their family history and memories through photographs


  
Click HERE to discover other bloggers' rocky photographs








Monday, 14 May 2018

A Tribute to Five Generations of Mothers: 52 Ancestors - Wk 19

""Mothers' Day  is the theme of week 19 of Amy Johnson Crow's prompt series "52 Ancestors in 52 Weeks".


Profiles of Mothers in my family history have featured prominently  on my blog,  including in the  "52 Ancestors" series.  Here I pay a photographic tribute  to five generations of mothers in my immediate family.   

My Great Grandmother Maria Danson, nee Rawcliffe (1859-1919).
Maria Rawcliffe was the seventh  of eight daughters (five surviving infancy) and her  mother died when Maria was six years old. Not surprisingly her father went on to marry again and Maria became part of an extended family that included four half sibings and three step siblings.  Maria married my grandfather at the age of 18, and they had ten sons (two died in infancy) and finally an only daughter.  Two sons lost their lives in the  First World War.  So Maria's life provided a  great source for my family history stories.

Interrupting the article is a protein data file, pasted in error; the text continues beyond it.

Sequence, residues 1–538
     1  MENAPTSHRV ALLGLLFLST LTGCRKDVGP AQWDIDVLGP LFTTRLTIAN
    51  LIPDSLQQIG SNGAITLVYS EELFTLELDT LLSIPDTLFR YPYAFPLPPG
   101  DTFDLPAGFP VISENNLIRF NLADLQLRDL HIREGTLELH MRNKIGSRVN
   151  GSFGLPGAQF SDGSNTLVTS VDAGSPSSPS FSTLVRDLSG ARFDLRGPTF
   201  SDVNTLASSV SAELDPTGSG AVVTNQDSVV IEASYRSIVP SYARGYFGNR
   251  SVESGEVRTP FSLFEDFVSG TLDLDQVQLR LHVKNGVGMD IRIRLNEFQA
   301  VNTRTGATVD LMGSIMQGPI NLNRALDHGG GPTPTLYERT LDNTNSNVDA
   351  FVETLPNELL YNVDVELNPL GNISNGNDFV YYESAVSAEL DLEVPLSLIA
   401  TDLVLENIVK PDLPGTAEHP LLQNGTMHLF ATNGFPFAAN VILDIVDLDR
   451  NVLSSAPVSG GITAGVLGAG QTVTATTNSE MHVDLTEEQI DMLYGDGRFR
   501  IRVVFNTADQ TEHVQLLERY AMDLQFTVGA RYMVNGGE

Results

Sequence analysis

Widowed Maria with her granddaughter Annie Maria, c.1916


My Grandmother Alice Danson, nee English,(1884-1945) 
Alice's early life remains a mystery and is my major ancestral brick wall, for, in over twnety years of researchh, I  have been unable to trace a birth certificate for her and so  find out the name of her mother.   The suspicion is she could have been illegitimate and that the  father's name given on her marriage certificate was a false one for the sake of respectability.  The  1911 census gave her birthplace as Bolton, Lancashire and I was always told we shared the same birthday - September 23rd - and this was confirmed by the 1939 Register.  Alice died when I was a baby, so I never knew her and her children seemed reluctant to answer any of my questions on  her life before she met my grandfather.